I wrote a Mathematica paclet that can be used to find irreducible representations of $SU(n)$. Specifically, given a product of $SU(n)$ multiplets, it can compute the corresponding sum. To test the paclet, I compare its output with various examples from books. It fails on two occasions, when I compare against Table 4.13.1 on page 83 in The Lie Algebras of su(N) by Walter Pfeifer. I also did the calculations by hand, but I obtain the same answer as my program.

My calculation: $$6 \otimes 8 = \color{red}{\bar{3}} \oplus \bar{15} \oplus 6 \oplus 24$$ Book: $$6 \otimes 8 = \color{red}{3} \oplus \bar{15} \oplus 6 \oplus 24$$

My calculation: $$15 \otimes \bar{15} = 1 \oplus \bar{10} \oplus \color{red}{10} \oplus 8 \oplus 8 \oplus \bar{35} \oplus 27 \oplus 27 \oplus 64 \oplus 35$$ Book: $$15 \otimes \bar{15} = 1 \oplus \bar{10} \oplus \color{red}{\bar{10}} \oplus 8 \oplus 8 \oplus \bar{35} \oplus 27 \oplus 27 \oplus 64 \oplus 35$$

Is this my mistake, or are these typos in the book?

Here is the explicit calculation of the first example, using Young tableaux: enter image description here

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    $\begingroup$ Hopefully someone more familiar with the physics ways of writing these things can help. But if you want this is "math" language, you are looking at tensor products (not direct products) of representations (not sure why they would be called multiplets). And for $SU(3)$ they would usually be indexed by two numbers, not one (by indexing them by their highest weight). $\endgroup$ Feb 22 '18 at 20:35
  • $\begingroup$ Ok, thanks. In physics it is customary to label the SU(3) multiplets by their dimension. So $3$ corresponds to $(1,0)$ and $\bar{3}$ corresponds to $(0,1)$. $\endgroup$
    – JEM_Mosig
    Feb 22 '18 at 20:53
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    $\begingroup$ The book is wrong also in the decomposition of $15\otimes \overline{15}$. Surely the decomposition must be its own dual. Meaning that $10$ and $\overline{10}$ must appear with the same multiplicity (both will appear once as per your calculation). $\endgroup$ Feb 22 '18 at 22:07
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    $\begingroup$ @JyrkiLahtonen Good observation. Yet another good reason to not label everything by dimensions, since that requires remembering which of those are self-dual. $\endgroup$ Feb 23 '18 at 7:05

Following the recipe for the multiplicities of components of a tensor product outline by Jim Humphreys here. IIRC this recipe is a consequence of Weyl's character formula. See Humphreys' book for a proof. In my edition this is Exercise 8 in section 24.4 (Steinberg's formula)

Assuming that the fundamental dominant weights are indexed in such a way that the representation you denote by $6$ is $V(2\lambda_1)$. In the case of the adjoint representation there is no ambiguity and the 8-dimensional representation is the one denoted by $V(\lambda_1+\lambda_2)$.

The module $V(2\lambda_1)$ has six distinct weights, each with multiplicity one, namele $2\lambda_1, \lambda_2, -2\lambda_1+2\lambda_2, \lambda_1-\lambda_2,-\lambda_1$ and $-2\lambda_2$. Therefore in the tensor product we get summands with highest weights (add $\lambda_1+\lambda_2$ to the weights listed above): $3\lambda_1+\lambda_2$,$\lambda_1+2\lambda_2$, $-\lambda_1+3\lambda_2$, $2\lambda_1$, $\lambda_2$ and $\lambda_1-\lambda_2$. Among these six weight the non-dominant ones have a non-trivial stabilizer under the dot action, so we simply throw those out. The result is that $$ V(2\lambda_1)\otimes V(\lambda_1+\lambda_2)\simeq V(3\lambda_1+\lambda_2)\oplus V(\lambda_1+2\lambda_2)\oplus V(2\lambda_1)\oplus V(\lambda_2). $$ So the same six-dimensional rep $V(2\lambda_1)$ we used as a factor in the tensor product also appears as a summand. The module $V(\lambda_2)$ is the dual of the 3-dimensional module $V(\lambda_1)$, and I'm fairly sure that physicists denote it $\overline{3}$. This is good news in the sense that it says that you're right and your other source is wrong!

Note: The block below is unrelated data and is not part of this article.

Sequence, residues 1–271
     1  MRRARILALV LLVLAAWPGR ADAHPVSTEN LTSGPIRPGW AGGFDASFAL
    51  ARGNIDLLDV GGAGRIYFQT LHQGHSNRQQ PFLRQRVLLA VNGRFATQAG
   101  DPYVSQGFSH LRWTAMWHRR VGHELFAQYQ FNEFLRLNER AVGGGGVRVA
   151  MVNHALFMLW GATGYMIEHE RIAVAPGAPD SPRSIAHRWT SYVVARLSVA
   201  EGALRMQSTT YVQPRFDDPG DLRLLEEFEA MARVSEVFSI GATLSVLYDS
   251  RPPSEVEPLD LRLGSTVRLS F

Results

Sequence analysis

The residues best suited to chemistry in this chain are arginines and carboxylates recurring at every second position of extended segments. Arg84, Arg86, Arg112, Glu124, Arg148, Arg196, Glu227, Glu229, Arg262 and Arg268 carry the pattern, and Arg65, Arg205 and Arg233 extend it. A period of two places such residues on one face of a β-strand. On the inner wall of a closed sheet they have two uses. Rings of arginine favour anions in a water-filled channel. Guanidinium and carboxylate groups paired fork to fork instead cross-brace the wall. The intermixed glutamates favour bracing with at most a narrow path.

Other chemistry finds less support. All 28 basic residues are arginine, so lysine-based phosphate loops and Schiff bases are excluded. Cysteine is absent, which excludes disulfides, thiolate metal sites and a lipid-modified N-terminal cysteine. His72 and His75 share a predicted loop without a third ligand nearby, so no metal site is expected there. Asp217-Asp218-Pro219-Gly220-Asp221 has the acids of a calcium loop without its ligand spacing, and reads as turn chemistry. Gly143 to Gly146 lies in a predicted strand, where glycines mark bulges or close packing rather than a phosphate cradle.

Of the other two summands Weyl's dimension formula says that $$ \dim V(3\lambda_1+\lambda_2)=\frac{4\cdot6\cdot2}{1\cdot2\cdot1}=24, $$ and $$ \dim V(\lambda_1+2\lambda_2)=\frac{2\cdot5\cdot3}{1\cdot2\cdot1}=15. $$ The latter module is the dual of $V(2\lambda_1+\lambda_2)$, obviously also 15-dimensional. I may be wrong, but IIRC the way physicists' notation plays out is that of the non-self-dual modules of $SU(3)$ the one whose highest weight $m_1\lambda_1+m_2\lambda_2$ satisfies the inequality $m_1>m_2$ is denoted without the overline, while the other (with highest weight $m_2\lambda_1+m_1\lambda_2$) gets the "bar".

Assuming this recollection is in line with the physicist's notation, we get, in the end $$ 6\otimes 8\simeq 24\oplus6\oplus\overline{15}\oplus\overline{3}. $$

Another argument leading to the same conclusion is that the weights of $3=V(\lambda_1)$ are in a different coset of the root lattice from the rest of the weights appearing in this decomposition. Therefore $\overline{3}=V(\lambda_2)$ can appear (and actually does appear) as a composition factor, but $3$ cannot.


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